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Understanding Basic Medicaid Planning with Non-Countable Assets and Countable Assets is crucial for qualifying for nursing home Medicaid.

Non-Countable Assets in Medicaid Planning

In qualifying for nursing home Medicaid, certain assets are always non-countable: the homestead, of any value if the spouse continues to live there or, in 2024, with an equity value up to $713,000 if there is no spouse as long as the applicant checks a box saying that he or she intends to return. Since no one plans to die in a nursing home, that is readily done. The contents of the home are exempt, if they are not art, antiques or collectibles held for resale. One car is exempt; two if one has been modified for a handicapped driver; three is needed for another household member to get to work. Property needed for self-support is exempt, even if held in an LLC. Term life insurance is exempt but whole or universal life insurance is exempt only up to a face value of $1,500. A similar limit is imposed on burial funds. But an irrevocable pre-need funeral policy is always exempt.

Countable Assets and Strategies for Medicaid Compliance

Other assets are countable. During life a jointly held bank account is fully available to every owner. Interests in business entities the shares in which are not publicly traded could, in theory, be restricted by the operating agreement, though, as with such restrictions generally, this results only in delay. It may be helpful if the person has a short life expectancy and payment cannot be made to his spouse or estate.

Converting Countable Assets to Non-Countable Assets

Some countable assets can be made non-countable, permanently or at least temporarily. Assets can be converted to income using a Medicaid-compliant annuity. To be Medicaid-compliant, an annuity must be immediate, irrevocable, non-assignable and actuarially sound with fixed payments for no longer than the applicant’s expected lifetime and must name the state(s) administering the Medicaid program as the primary beneficiary or secondary beneficiary after the spouse.

Non-homestead real estate is countable and must be placed for sale. But it may not sell. If it does not sell by the applicant’s death, title on it, like any other real estate, including Texas mineral interests, can pass free of probate and free of Medicaid estate recovery via a Transfer on Death or Lady Bird Deed, neither of which is viewed as either a lifetime gift nor as part of the probate estate.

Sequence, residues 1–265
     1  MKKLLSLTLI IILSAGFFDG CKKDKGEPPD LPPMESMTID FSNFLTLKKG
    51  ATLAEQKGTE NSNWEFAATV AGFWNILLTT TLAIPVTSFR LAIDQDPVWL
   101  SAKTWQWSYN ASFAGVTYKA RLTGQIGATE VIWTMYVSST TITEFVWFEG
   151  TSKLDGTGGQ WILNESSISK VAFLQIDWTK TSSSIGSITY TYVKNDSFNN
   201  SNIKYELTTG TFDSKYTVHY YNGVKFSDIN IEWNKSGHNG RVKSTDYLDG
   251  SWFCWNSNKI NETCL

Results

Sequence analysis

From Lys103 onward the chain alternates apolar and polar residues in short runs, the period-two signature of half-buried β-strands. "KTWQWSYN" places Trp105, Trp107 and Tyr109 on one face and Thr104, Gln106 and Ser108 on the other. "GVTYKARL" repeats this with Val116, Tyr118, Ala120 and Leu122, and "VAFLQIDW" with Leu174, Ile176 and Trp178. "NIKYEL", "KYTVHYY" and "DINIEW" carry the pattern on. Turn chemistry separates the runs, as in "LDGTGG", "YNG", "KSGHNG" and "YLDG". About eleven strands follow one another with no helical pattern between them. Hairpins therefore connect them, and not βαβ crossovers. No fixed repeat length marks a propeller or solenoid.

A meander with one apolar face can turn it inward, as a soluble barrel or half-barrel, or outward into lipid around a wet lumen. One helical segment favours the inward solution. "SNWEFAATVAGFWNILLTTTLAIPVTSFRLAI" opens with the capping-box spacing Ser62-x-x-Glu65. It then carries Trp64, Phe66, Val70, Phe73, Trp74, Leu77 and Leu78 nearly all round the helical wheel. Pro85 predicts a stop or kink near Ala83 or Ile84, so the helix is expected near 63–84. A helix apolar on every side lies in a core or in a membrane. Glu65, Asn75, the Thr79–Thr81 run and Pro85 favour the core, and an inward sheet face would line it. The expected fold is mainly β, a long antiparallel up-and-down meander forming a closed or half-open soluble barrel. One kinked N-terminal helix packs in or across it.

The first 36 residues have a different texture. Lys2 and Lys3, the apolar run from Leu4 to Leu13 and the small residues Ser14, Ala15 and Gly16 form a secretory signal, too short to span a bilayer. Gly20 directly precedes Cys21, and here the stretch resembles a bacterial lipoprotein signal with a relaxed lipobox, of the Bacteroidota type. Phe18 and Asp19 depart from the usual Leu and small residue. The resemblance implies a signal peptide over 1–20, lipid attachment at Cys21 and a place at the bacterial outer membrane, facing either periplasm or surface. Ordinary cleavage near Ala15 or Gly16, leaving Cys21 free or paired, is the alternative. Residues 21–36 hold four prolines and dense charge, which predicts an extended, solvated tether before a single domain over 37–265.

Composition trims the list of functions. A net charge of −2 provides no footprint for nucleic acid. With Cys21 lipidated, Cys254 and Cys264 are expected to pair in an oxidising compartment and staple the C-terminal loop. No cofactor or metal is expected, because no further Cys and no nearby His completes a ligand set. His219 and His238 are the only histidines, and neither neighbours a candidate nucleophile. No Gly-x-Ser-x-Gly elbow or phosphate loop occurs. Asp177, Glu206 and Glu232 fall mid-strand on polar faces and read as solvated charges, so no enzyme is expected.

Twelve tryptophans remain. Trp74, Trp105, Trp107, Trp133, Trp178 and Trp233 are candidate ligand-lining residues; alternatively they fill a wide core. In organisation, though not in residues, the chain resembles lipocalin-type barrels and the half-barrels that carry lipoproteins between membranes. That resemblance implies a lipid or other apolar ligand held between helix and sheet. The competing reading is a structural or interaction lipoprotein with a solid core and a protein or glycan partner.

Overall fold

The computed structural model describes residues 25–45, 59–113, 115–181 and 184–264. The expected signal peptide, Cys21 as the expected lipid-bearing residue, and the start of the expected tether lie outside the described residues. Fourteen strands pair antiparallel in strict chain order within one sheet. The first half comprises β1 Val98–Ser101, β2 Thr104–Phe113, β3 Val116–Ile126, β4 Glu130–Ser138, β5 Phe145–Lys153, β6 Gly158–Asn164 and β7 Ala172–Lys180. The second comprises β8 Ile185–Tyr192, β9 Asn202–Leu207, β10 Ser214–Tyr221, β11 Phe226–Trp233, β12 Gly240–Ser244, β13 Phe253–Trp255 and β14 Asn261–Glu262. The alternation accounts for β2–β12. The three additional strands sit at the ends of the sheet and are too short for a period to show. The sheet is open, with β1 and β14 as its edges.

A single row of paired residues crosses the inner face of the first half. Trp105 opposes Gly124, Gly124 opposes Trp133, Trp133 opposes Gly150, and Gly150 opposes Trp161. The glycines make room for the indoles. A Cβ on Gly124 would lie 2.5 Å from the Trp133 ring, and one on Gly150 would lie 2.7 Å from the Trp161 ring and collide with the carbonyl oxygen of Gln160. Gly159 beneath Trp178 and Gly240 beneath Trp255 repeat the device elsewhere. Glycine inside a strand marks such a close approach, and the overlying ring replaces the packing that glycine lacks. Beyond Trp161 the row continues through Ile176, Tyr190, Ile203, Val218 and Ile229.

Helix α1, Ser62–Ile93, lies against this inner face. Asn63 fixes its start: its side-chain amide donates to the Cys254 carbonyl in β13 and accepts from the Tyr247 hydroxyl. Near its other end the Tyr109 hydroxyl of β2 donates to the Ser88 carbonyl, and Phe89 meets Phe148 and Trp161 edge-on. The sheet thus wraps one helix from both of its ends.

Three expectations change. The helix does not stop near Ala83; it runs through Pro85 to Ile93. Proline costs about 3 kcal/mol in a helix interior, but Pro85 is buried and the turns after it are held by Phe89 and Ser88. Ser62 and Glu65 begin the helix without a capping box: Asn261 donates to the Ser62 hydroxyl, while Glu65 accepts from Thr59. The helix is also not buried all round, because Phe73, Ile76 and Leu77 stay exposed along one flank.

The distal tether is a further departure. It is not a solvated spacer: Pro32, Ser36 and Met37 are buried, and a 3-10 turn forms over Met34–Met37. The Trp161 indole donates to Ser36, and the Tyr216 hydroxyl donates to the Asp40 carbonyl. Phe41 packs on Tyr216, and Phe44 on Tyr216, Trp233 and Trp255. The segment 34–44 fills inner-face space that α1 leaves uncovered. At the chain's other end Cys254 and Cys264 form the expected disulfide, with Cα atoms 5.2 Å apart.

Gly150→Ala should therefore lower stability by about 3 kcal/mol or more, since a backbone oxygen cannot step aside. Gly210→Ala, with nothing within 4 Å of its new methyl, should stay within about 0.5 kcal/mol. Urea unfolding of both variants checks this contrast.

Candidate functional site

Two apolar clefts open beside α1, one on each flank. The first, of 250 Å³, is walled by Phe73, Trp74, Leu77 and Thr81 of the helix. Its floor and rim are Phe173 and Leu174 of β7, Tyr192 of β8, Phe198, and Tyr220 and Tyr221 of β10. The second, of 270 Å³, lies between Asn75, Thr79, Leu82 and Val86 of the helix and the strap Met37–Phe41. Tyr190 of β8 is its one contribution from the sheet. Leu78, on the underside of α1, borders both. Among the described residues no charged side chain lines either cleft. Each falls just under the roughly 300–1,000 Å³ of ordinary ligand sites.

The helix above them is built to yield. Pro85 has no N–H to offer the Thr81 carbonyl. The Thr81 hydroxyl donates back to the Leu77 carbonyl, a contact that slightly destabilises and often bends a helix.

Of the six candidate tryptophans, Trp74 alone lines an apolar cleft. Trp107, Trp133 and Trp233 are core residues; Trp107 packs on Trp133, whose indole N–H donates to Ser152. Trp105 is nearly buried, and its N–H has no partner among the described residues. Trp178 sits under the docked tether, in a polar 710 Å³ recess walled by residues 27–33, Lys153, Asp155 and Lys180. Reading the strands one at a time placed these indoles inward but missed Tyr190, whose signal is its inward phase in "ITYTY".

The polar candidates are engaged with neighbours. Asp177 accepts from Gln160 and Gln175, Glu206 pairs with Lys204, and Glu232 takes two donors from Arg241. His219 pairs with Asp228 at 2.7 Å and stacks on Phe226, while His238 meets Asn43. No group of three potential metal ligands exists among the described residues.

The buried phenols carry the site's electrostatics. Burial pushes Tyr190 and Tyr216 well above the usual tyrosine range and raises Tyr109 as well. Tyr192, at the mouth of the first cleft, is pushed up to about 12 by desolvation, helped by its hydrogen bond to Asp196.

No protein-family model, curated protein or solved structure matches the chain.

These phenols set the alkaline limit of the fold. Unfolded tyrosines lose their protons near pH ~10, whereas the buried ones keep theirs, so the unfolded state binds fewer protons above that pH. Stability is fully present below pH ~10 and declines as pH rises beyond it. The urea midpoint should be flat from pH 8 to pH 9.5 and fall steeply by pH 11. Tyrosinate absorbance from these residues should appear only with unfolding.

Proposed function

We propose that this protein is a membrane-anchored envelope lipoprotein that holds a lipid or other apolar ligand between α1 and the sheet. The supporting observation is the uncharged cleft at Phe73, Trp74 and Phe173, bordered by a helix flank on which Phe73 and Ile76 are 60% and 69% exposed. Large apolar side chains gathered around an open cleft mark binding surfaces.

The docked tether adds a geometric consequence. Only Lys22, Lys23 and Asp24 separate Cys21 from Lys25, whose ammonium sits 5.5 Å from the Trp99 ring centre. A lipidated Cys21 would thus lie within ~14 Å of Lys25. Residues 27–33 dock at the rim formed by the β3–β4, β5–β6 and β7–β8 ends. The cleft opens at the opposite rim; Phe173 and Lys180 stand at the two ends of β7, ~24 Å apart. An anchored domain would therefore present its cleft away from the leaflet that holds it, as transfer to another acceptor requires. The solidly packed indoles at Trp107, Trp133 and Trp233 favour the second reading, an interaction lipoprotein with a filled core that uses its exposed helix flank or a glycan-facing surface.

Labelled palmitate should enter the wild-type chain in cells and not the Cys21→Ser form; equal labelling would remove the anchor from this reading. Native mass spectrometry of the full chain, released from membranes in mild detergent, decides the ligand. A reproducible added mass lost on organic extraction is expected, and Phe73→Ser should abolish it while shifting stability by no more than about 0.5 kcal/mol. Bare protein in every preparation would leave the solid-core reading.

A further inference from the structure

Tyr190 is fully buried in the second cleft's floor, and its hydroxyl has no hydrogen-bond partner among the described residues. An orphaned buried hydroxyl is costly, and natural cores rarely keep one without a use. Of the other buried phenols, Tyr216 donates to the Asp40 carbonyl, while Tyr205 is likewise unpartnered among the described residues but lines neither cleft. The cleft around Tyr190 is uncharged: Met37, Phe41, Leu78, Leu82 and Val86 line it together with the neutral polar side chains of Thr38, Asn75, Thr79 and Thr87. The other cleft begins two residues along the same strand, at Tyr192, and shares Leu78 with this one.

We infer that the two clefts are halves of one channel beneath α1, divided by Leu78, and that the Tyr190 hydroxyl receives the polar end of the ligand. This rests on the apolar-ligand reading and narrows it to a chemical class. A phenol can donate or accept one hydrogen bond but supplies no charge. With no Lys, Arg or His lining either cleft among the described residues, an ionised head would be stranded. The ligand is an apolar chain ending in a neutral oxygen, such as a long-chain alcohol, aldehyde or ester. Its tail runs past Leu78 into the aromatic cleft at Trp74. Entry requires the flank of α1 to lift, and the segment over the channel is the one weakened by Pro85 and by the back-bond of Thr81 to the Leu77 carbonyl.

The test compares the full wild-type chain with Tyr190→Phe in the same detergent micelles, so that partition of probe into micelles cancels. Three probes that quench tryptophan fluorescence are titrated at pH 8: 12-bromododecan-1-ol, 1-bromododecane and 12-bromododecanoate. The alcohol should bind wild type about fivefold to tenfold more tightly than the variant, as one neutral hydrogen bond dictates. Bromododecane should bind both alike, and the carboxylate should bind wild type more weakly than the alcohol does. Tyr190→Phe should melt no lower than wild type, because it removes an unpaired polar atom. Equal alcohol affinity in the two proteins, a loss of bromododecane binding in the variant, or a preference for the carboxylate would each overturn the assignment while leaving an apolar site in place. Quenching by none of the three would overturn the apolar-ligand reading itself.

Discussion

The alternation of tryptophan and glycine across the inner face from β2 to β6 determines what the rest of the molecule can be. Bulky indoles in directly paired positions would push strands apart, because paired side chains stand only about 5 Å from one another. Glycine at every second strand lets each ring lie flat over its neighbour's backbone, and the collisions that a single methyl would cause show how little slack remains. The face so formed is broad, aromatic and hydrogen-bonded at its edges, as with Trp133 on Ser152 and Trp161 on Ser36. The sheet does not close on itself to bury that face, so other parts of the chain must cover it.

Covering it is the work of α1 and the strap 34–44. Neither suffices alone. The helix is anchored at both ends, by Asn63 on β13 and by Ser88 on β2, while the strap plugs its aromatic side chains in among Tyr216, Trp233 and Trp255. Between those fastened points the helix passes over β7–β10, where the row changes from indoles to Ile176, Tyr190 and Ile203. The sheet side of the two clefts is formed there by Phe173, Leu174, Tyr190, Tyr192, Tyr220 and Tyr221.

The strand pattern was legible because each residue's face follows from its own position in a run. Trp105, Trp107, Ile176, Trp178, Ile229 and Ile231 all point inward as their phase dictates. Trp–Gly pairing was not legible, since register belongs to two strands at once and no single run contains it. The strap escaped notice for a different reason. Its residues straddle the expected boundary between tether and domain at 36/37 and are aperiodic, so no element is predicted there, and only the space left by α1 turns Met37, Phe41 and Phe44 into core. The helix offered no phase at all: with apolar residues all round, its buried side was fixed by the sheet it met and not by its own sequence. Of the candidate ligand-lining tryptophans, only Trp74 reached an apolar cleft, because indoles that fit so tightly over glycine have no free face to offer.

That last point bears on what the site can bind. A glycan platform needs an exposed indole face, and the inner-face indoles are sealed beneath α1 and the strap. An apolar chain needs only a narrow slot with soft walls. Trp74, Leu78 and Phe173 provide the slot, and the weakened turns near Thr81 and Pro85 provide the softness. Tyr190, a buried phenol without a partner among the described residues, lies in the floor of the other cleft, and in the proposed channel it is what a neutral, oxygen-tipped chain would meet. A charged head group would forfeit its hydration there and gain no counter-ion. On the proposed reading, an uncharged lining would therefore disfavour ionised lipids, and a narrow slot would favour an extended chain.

An interest in real estate held jointly with a non-spouse must also be offered for sale, but depending on the nature of the property may require the expense and time of a partition suit to become a profitable investment, making it even less likely to sell.

Siblings inheriting undivided interests in real property may convey their interests, on death, to a family trust using a Transfer on Death or Lady Bird Deed, making each sibling’s life estate unattractive to a potential purchaser.

Evaluating the Best Approach Based on Individual Circumstances

The approach or combination of approaches to be used depends on the monthly income of the applicant and applicant’s spouse as well as on the value and nature of the assets and how they are hold. Current Texas practice, which may change at any time, is to treat a retirement plan in payout status as income. A retirement plan not in payout status may be converted to a Medicaid-compliant annuity within a traditional IRA.

 

Elder law attorney, Terry Garrett, CELA, is a member of the National Academy of Elder Law Attorneys and is an Approved Guardianship Attorney. She assists people in elder law, estate and special needs planning, guardianship and settling estates. She graduated with honors from Cornell University. She was on the Dean’s List at Wharton Business School. She earned her J.D. at Columbia Law School, receiving the Parker Award and a Mellon Fellowship.

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